A new study from the University of Illinois confirms a link between routine Pap smear screenings and a lower risk of developing cervical cancer in women over age 65. However, most American health guidelines discourage women in that age range from receiving screenings unless they have pre-existing risk factors.
The new findings are published in the journal Gynecologic Oncology.
"Some studies report that Pap smears are unnecessary in older age, while others show that there is a benefit in the over-65 age group," said Karin Rosenblatt, a cancer epidemiologist and a professor of kinesiology and community health at Illinois. "There's been a great debate about it."
Early research on cervical cancer screenings recommended not testing women over age 50. This suggested age cutoff for screening was increased in recent years as the disease and risk factors are better understood.
"While the incidence of cervical cancer is greater in adult women under the age of 65 years, those over 65 tend to have more fatal cases of the disease," Rosenblatt said.
When detected early -- often via a Pap test -- pre-malignant cervical cancer tissue can be removed or treated so it does not progress into malignant cancer.
"If you have regular Pap smears, there is a greater chance the doctor will catch it before it progresses to malignant cervical cancer," Rosenblatt said.
She assessed whether regular Pap tests reduce the risk of cervical cancer, specifically in women over age 65.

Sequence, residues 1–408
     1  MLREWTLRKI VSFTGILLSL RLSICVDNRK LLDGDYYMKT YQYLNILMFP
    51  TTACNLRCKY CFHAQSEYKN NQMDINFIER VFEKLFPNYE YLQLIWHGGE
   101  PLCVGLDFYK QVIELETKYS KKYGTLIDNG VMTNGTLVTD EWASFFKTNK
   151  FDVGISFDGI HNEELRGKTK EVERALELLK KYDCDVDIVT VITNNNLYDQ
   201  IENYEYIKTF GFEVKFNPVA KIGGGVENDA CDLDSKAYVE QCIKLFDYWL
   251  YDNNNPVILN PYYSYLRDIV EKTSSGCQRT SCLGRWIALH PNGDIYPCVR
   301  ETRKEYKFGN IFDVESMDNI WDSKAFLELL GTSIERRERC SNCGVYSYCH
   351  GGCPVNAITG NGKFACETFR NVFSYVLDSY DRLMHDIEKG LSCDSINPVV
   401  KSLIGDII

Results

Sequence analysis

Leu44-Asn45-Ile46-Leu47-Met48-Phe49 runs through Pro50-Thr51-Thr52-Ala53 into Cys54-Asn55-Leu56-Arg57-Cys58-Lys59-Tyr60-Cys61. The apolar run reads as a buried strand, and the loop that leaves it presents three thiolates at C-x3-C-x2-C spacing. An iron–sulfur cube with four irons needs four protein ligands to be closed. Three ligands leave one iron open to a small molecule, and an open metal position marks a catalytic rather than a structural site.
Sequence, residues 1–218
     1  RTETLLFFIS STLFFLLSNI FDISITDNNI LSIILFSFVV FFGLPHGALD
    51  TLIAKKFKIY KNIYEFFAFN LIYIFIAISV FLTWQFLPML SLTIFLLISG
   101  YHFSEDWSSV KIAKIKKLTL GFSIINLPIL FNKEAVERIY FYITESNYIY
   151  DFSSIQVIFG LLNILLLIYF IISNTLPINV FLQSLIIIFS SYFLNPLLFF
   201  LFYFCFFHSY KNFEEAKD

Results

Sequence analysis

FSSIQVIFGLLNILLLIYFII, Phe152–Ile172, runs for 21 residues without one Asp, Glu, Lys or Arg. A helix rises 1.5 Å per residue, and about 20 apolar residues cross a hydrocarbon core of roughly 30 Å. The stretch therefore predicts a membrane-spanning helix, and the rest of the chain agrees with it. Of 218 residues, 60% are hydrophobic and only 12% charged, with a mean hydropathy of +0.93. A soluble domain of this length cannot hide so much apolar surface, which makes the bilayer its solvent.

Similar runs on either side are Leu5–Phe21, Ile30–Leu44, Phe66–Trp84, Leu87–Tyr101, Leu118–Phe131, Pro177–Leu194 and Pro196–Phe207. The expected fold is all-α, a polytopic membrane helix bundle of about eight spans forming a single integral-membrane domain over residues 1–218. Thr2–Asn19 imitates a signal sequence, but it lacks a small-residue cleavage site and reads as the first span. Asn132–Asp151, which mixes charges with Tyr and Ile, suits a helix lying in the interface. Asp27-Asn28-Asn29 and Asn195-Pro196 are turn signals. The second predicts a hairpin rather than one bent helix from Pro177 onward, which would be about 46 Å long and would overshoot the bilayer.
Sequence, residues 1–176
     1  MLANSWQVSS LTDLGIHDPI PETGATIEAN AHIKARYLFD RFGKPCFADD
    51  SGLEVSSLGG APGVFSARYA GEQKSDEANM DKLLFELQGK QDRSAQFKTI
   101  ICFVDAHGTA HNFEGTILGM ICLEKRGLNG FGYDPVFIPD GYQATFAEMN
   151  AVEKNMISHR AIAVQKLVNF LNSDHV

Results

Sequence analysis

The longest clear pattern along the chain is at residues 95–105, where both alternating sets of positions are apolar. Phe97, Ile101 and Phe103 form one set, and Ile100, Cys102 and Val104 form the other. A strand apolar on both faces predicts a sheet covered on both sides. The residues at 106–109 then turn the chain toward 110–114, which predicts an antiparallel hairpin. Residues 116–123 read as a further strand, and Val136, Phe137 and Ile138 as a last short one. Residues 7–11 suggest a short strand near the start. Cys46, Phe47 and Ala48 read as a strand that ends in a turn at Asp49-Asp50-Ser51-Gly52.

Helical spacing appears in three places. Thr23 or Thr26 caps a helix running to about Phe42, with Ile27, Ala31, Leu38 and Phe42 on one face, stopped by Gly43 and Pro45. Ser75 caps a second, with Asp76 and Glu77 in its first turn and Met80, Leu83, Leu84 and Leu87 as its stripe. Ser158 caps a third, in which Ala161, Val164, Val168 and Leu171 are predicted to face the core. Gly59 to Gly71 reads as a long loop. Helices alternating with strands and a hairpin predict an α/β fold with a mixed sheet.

Rosenblatt and her team looked at Medicare billing data from 1991-99 and extracted information for more than 1,200 women who had been recently diagnosed with cervical cancer, as well as a group of more than 10,000 patients who had no cancer diagnosis. The researchers determined which of the patients had received a screening Pap smear two to seven years prior to diagnosis.
"We found that the newly diagnosed cervical cancer group was less likely to have had a Pap smear, compared with the control group," Rosenblatt said.
These results imply that routine Pap tests are beneficial for preventing malignant cervical cancer in women over 65, she said.
Rosenblatt said there needs to be a more thorough cost-benefit analysis of conducting the screenings in elderly women. While there is a clear benefit of diagnosing cervical cancer, for some groups such as those with short life expectancy or comorbid illnesses, screenings may be unnecessarily invasive.
"There needs to be further study of the benefits and risks of doing Pap smears in the elderly," Rosenblatt said. Future studies should comprehensively assess cervical cancer screenings in older women and more accurately inform health policy recommendations.
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